Instead, we focused on the proletarian candy choices on the lower shelves behind the glass. You had to know your options and choose fast, because the hostile high-school girl behind the counter hated little kids, there were twelve bigger people behind you and — you could hear him — Lowell Thomas had already begun, in that immortal, mellifluous baritone, the Movietone News. Hurry!

My all-time favorite Erwin entrée was Raisinets. But they ate fast and didn’t last. You’d be digging up your final raisin before the end of the first reel. And you couldn’t go back for more. No self-respecting kid ever left his seat during the film, even to take  a leak or puke. Ever. You were glued to the screen.

Other ill-advised movie victuals were nonpareils, chocolate cigarettes, Spearmint Leaves, Good & Plenty, Junior Mints, M&Ms and malted milk balls. Tasty but ephemeral. If you wanted staying power, you leaned toward the classic filling-pullers — Dots, Jujubes, Jujyfruits — or the little rocks you had to suck. Root beer barrels, Lifesavers (dull but durable), and, especially,  Jawbreakers. A ten-cent box of Jawbreakers once got me through all three hours of Ben-Hur.

Above all, there was one movie meal you could chew ravenously or suck subtly, devour in one reel or nurse through the credits. A caramel-centered chocolate-covered minié ball invented in 1926 by Sean Le Noble, the Milk Dud, for any kid who ever went to the movies, is the pinnacle of 20th-century confectionery.

The magic of a movie marathon was that, once you were settled into your Erwin homestead, with a supply of Milk Duds and Jawbreakers (and nothing to drink lest you need to pee), you were immersed. Sunk into your seat while audience after audience came and went, you uncoupled from reality. You became film, and film became you. You weren’t in Tomah, but in Scotland and underneath Iceland with the Lindenbrook expedition. After I’d seen Journey to the Center of the Earth ten times in 48 hours, I was ready to converse with Pauline Kael on the delicate nuance in Pat Boone’s Thespian style, and the mounting insinuation of Arlene Dahl’s raw sexuality.

By and by, you became, inevitably, irresistibly — for the rest of your life — a line memorizer. You began, innocently, by saying, along with James Mason, “Never interrupt a murderer, madam.” You end up in a gin joint, hollering at perfect strangers, “Goddammit! It’s not ‘Play it again, Sam.’ It’s just ‘Play! It! Sam!’”

Then, one day, without warning, Chucky’s nomadic dad uprooted the whole shebang and disappeared to God-knows-where. Luckily, I didn’t need a sidekick anymore (unless it was Maureen O’Hara). I’d been lured into the Erwin and seduced by Hollywood. I was probably the first kid in my grade to solo at the movies. Alone in the dark, I got my first glimpse of the Final Solution in the scariest film I ever saw, a documentary called Mein Kampf. I fell in love with Jean Seberg in The Mouse That Roared. I watched Steve Reeves in Hercules and Hercules Unchained at least eight times each. I spent one sublime day learning how to dance from Zorba the Greek.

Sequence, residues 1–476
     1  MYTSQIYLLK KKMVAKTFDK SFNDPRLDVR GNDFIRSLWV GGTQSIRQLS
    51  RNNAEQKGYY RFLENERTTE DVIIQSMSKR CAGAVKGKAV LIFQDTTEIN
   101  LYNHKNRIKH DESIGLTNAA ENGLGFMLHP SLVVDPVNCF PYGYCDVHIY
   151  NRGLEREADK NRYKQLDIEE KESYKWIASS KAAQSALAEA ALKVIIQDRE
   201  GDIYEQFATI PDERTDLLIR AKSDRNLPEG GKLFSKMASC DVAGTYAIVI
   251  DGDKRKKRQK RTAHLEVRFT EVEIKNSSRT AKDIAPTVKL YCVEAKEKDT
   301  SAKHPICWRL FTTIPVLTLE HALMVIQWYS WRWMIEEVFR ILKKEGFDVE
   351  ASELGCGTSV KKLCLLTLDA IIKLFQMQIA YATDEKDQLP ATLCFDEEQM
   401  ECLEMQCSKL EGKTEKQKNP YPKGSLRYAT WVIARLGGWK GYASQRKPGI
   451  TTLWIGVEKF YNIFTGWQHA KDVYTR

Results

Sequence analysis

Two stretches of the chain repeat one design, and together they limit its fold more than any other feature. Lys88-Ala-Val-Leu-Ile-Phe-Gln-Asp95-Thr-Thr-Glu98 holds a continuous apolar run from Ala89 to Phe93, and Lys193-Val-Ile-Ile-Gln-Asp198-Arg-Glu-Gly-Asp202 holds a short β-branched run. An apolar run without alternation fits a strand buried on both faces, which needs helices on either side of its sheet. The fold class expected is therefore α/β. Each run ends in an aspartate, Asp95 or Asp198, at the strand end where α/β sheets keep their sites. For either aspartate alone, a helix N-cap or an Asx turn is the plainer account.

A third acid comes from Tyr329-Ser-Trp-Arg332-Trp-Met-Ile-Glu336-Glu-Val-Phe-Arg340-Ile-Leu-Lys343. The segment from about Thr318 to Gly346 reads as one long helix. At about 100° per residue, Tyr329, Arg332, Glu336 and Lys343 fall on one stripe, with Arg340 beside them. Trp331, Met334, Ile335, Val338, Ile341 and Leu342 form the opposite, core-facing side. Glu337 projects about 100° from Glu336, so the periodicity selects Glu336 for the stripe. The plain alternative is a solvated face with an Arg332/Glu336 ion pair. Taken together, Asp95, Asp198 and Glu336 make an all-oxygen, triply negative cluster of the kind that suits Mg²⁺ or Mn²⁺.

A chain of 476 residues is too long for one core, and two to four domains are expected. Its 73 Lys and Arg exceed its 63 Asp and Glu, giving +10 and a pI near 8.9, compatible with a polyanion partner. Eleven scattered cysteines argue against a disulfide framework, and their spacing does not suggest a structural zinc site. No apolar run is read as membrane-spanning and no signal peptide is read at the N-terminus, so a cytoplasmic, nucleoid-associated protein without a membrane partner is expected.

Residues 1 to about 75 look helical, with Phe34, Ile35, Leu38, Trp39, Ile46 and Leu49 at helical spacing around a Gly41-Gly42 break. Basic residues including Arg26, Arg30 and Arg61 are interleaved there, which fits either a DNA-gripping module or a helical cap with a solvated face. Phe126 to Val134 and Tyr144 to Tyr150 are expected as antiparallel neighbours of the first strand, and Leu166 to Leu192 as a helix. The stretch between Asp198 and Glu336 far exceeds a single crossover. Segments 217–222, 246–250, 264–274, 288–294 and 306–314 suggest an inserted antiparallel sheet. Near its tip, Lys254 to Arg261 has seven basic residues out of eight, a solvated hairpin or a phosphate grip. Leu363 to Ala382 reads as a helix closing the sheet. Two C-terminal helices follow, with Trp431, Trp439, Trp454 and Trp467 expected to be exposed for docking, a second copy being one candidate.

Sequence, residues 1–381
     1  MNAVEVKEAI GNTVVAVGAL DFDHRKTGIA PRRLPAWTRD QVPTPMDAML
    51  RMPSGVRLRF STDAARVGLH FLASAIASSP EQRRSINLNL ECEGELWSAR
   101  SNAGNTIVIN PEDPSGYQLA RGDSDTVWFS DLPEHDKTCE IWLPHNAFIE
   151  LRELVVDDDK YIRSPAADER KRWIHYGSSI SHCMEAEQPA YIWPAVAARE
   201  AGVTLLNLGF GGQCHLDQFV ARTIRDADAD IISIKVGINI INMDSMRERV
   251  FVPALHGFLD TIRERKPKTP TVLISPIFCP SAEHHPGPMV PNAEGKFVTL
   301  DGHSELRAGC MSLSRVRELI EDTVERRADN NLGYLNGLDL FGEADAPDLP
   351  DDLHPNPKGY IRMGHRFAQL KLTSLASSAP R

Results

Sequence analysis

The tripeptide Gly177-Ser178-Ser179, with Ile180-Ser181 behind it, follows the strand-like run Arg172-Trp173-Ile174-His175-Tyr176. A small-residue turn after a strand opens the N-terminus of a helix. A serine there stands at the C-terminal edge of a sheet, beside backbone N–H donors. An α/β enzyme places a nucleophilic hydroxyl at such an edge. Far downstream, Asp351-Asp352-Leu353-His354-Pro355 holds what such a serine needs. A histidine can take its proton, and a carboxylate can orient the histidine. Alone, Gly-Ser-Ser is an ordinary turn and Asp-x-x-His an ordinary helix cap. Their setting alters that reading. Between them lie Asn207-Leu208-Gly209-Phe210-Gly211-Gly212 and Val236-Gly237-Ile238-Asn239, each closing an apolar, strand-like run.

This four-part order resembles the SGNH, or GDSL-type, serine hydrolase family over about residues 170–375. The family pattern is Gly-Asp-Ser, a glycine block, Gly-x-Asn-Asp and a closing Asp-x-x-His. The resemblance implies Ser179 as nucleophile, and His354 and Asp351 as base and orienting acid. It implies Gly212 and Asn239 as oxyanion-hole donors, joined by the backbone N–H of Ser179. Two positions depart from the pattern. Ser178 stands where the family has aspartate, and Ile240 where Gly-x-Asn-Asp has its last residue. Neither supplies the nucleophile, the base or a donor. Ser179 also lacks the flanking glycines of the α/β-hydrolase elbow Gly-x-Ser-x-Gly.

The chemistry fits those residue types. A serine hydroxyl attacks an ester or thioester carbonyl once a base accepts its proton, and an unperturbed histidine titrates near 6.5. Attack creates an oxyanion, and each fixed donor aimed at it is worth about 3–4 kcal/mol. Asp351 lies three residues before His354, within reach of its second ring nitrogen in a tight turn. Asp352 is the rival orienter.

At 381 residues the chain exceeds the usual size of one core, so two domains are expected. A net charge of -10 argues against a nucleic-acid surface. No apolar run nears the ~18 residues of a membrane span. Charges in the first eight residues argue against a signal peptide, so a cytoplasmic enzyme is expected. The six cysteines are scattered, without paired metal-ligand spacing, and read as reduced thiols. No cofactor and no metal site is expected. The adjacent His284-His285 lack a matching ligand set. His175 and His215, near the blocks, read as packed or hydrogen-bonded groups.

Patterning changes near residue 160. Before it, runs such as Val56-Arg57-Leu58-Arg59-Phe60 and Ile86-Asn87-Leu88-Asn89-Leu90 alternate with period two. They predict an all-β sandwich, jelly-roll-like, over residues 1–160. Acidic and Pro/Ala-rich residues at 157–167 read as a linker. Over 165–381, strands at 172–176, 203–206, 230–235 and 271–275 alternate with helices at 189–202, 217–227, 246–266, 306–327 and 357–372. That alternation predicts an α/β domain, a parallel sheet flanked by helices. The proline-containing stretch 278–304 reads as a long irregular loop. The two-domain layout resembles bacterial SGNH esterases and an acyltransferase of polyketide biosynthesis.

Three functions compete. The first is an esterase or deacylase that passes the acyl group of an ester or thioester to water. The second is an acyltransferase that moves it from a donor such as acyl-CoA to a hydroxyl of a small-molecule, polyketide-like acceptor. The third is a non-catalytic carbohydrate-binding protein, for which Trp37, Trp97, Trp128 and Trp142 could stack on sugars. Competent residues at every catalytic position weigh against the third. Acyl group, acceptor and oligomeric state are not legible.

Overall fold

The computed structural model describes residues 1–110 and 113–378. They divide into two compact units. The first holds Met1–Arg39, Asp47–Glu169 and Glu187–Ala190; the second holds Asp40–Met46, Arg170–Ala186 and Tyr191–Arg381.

And afterwards…

Coming out the door from the warm Erwin womb into the arctic dark of Tomah at midnight, I beheld the yellow street lights suffusing the bars, diners and storefronts along Superior Avenue with the faint golden glow of a backlot New York.

If I squinted a little, succumbing to the sugar in my bloodstream and the chill of the night, I could just barely see, under a faroff, flickering streetlamp, the silhouettes of Alan Ladd and Veronica Lake, kissing in desperate haste before fleeing into the darkness from the killer on their trail.

Sunday, January 8, 2017

The Weekly Screed (#798)

The geeks who live on the hill
by David Benjamin

“Let's make sure none of our kids have to drive.”
                         — Jen Hsun Huang, CEO, Nvidia

LAS VEGAS -- In the real world, nobody talks about self-driven cars.  We have other stuff on our minds. If we talk about cars at all, it’s usually something about that ominous stain on the garage floor, or the funny noise under the hood, or wanting to strangle the GPS Bitch inside the dashboard who thinks she knows the way and goes into U-turn Panic every time you hang a left she doesn’t agree with.